The Wood Runners

By 1721, the very lifeblood of New France, the fur trade, was on the brink of disaster. The market in France was glutted and fur shipments were no longer being accepted. The King (Louis XIV) had tried in many ways to establish industry in the colony and control it to his benefit but had largely failed, at times because of lack of materials, at times lack of industriousness on the part of the colony itself. Various monetary systems were tried, even to the point of creating “card money” yes, literally marking playing cards with a stamp.

It did not take long for some of the men in the colony, who became known as the “coureurs des bois”, already hardened by the fur trade, to start trading for themselves. They knew they would have to compete with the Indian fur traders and to this end, ventured further inland looking for new trapping grounds thus stimulating western exploration. The royal reaction was to turn these men into outlaws and create trading licenses. Each license allowed the departure of two canoes loaded with goods. Only one canoe was allowed afterwards bearing 3 men and 400 pounds of freight. The licenses were sometimes sold for the profit of government and sometimes given to widows of officers, the hospital or other people in need.  At times, they would be sold privately to merchants or voyageurs. The licenses were valid for a year and a half, with each canoeman sharing in the profits which could be considerable, providing you didn’t drown first.

The bane of the fur trade was the running off of the young men into the woods, at one time 800 disappeared following the call of Daniel Dulhut. The fear was that they would not resettle and help to build the colony. The way of life was one of adventure and freedom, many adopting the ways of their native brothers. Unlike the natives though, they had a better capacity for the brandy which was part of the trading deal. An inebriated Indian could always be cheated in an unfair trade deal.  It was considered to be one the “tools of the trade”. The reason this continued was the fear of losing the young men to the English traders or driving them away from the Church.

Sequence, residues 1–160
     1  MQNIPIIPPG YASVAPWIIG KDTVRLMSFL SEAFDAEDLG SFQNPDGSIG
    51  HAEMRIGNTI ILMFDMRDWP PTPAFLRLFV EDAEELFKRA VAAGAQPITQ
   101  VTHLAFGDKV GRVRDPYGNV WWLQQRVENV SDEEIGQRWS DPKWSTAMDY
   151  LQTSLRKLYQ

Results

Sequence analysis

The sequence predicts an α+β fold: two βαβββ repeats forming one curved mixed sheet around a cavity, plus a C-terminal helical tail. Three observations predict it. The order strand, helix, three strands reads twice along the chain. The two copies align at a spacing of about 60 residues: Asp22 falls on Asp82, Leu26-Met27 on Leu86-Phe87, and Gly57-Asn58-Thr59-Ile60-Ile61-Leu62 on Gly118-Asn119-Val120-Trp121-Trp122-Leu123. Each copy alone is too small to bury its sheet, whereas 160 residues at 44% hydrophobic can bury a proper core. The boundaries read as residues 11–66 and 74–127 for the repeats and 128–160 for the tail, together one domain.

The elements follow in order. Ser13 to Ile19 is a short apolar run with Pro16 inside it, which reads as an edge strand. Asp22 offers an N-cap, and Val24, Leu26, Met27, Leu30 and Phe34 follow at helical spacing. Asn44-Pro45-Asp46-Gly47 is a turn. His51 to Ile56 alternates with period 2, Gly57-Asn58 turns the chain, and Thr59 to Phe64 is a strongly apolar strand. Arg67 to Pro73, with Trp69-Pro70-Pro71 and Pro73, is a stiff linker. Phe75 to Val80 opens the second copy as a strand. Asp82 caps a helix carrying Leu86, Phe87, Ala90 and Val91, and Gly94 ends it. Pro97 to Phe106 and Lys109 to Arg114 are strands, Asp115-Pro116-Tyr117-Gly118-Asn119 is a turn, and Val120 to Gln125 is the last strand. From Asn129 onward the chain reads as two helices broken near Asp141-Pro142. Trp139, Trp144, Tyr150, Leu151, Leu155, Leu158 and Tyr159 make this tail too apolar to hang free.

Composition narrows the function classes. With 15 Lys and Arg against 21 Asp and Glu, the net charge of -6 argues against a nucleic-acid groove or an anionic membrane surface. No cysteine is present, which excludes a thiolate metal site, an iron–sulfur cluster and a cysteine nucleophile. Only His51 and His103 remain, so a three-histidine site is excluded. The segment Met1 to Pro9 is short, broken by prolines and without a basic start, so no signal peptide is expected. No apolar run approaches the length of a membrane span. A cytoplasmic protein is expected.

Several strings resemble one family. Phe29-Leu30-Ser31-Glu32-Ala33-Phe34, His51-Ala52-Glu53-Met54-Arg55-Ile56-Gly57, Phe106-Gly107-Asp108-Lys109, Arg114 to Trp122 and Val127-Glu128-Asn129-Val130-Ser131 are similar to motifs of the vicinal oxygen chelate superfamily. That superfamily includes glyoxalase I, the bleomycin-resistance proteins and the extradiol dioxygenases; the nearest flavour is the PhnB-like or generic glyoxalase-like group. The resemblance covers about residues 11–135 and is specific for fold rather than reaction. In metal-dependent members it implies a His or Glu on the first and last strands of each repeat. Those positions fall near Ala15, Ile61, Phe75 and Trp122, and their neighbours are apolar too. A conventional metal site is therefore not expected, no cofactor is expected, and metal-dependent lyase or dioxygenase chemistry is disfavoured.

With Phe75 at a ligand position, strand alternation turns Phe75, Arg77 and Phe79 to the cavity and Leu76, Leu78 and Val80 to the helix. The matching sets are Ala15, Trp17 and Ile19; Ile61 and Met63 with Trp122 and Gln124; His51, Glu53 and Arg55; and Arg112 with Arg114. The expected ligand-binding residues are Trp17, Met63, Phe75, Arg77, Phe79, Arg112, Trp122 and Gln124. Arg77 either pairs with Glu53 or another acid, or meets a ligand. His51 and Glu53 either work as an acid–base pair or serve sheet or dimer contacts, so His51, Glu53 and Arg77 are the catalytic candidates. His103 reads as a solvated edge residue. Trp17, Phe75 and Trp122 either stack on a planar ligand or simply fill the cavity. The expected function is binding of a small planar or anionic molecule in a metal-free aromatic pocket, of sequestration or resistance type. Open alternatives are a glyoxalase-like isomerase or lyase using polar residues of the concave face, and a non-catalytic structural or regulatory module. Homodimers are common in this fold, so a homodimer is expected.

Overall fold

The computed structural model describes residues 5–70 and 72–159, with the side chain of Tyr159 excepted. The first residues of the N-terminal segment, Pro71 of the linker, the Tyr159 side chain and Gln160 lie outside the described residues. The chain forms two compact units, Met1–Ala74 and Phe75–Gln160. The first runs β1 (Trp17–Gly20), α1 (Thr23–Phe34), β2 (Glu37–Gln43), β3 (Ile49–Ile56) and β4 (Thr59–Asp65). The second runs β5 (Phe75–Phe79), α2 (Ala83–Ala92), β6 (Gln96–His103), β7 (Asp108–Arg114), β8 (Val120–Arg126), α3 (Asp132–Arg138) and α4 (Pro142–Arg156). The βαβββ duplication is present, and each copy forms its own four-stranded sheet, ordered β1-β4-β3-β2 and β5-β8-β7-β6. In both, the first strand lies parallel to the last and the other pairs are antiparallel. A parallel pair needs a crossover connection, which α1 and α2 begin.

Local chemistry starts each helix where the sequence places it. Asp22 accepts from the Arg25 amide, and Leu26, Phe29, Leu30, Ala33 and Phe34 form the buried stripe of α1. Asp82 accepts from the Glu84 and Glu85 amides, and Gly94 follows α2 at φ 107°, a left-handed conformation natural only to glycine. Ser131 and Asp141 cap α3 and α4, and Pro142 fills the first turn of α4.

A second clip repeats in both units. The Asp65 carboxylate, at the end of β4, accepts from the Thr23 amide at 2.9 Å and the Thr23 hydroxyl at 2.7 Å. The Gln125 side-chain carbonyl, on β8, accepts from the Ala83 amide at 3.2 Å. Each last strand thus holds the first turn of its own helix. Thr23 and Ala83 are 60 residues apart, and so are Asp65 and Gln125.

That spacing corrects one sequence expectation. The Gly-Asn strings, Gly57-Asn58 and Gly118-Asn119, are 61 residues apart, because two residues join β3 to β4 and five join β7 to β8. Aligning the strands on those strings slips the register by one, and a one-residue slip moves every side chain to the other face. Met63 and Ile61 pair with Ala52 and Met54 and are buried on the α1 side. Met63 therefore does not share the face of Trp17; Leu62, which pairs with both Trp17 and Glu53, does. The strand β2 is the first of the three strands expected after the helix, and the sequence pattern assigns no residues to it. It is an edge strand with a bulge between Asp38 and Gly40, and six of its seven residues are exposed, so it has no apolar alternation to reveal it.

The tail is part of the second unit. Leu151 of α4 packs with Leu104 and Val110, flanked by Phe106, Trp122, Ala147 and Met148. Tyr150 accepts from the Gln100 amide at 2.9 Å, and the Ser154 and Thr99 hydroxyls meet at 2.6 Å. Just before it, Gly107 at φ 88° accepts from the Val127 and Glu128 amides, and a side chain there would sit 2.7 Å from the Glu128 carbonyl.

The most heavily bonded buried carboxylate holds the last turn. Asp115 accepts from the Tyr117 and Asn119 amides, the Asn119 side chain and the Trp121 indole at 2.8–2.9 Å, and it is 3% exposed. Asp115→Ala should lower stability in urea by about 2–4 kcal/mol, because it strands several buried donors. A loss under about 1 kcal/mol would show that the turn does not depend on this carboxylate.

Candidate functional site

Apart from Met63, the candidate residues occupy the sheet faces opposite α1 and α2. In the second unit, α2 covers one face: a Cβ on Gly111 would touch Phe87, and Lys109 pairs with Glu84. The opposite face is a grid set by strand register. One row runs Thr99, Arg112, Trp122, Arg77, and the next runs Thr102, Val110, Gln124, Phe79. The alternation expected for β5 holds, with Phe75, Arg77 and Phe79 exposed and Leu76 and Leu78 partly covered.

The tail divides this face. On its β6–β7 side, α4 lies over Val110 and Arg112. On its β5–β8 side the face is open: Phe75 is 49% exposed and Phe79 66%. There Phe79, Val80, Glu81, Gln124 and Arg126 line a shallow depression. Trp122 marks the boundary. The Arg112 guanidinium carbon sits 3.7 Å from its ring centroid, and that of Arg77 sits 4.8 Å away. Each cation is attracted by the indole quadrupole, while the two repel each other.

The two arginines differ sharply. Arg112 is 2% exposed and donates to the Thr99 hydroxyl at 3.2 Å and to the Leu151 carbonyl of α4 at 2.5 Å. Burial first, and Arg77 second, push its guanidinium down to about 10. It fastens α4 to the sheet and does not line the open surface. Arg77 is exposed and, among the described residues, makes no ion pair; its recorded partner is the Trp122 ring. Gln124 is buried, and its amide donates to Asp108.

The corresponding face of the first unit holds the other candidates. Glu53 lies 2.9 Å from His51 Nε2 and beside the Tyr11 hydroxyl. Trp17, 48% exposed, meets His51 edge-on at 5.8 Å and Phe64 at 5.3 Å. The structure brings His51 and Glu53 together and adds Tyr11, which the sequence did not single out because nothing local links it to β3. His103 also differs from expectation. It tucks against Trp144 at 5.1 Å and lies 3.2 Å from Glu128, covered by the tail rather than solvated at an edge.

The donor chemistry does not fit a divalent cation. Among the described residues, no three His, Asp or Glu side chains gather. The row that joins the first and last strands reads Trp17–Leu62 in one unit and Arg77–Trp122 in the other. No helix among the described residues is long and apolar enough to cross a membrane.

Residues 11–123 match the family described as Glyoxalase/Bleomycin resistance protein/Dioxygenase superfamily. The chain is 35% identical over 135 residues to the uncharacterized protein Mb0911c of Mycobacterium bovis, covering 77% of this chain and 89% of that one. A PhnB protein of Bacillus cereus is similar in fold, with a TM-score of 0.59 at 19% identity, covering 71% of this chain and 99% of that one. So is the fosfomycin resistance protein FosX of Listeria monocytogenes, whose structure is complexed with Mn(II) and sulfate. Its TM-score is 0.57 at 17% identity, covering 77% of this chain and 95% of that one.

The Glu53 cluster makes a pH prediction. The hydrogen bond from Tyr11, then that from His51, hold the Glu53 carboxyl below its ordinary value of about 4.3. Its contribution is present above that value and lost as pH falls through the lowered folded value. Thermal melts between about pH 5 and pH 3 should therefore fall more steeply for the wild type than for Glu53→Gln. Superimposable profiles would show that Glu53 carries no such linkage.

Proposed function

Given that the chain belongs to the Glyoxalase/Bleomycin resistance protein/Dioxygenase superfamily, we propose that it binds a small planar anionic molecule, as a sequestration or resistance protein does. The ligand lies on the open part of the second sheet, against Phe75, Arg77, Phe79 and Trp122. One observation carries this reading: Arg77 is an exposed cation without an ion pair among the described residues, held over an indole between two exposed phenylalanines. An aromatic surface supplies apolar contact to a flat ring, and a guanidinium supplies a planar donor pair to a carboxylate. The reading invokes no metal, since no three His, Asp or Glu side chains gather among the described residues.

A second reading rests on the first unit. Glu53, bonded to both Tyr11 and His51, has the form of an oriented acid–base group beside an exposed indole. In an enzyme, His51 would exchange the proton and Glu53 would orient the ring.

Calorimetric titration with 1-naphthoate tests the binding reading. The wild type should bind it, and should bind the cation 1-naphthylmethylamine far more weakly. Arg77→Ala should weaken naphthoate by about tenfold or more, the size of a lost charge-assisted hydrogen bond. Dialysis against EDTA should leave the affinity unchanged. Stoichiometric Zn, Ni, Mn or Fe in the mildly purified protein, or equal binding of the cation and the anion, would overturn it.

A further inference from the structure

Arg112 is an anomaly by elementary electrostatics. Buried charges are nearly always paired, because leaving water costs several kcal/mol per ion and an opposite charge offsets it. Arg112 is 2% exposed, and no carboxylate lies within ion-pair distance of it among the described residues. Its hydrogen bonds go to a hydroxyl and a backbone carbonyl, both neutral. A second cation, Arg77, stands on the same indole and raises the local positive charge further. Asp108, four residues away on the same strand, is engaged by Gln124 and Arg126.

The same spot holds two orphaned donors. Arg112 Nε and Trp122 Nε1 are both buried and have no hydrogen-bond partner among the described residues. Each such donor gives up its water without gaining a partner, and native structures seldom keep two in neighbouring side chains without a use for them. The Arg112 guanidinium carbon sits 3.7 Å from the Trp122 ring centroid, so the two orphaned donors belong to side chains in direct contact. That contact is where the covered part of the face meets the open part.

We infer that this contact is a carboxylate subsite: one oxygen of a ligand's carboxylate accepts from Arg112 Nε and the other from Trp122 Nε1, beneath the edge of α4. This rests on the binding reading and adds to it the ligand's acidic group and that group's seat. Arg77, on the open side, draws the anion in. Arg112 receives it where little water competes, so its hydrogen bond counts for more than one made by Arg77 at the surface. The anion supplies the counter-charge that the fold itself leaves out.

The King had ordered that whipping and branding be given for the first offence of trading without a license and being sent to the galleys  for the second offense. Nothing the intendant Duchesneau did could prevent the debauchery and lawlessness. Therefore, siegneuries were abandoned, wives left behind and children ran about in the streets as men gathered and disappeared into the forest. They could be gone for years out of the reach of the law. Montreal  was the headquarters for the fur trade. When a party of “coureurs des bois” returned, the settlement would turn into a place of revelry and debauchery. The men would bedeck themselves in a blend of French finery and Native decoration, always with a sword at their side, the women following suit. Of course, after the celebration was over, confessions were heard and penances issued for the Church could not afford to lose any more souls.

One of the most famous coureurs des bois was Daniel Greysolon Dulhut who was a noblemen and career soldier from Lyon, France. His mission was to create a peace between the western Indian tribes and the French while fortifying areas that were under threat by the English and Iroqouis. To this end, he fortified the fort at Michillimakinac, Michigan and built Fort William on Lake Superior and later, Fort St. Joseph. He made an enemy of the intendant Duschsneau for disobeying the orders of the King and was slandered by La Salle in order to gain a monopoly on exploration rights for New France. In spite of this, he was able to secure the authority of New France in the Great Lakes area. He died in Montreal in 1710, leaving a part of his fortune to Charles Delauney who had cared for him. The city of Duluth, Minnesota is named after him.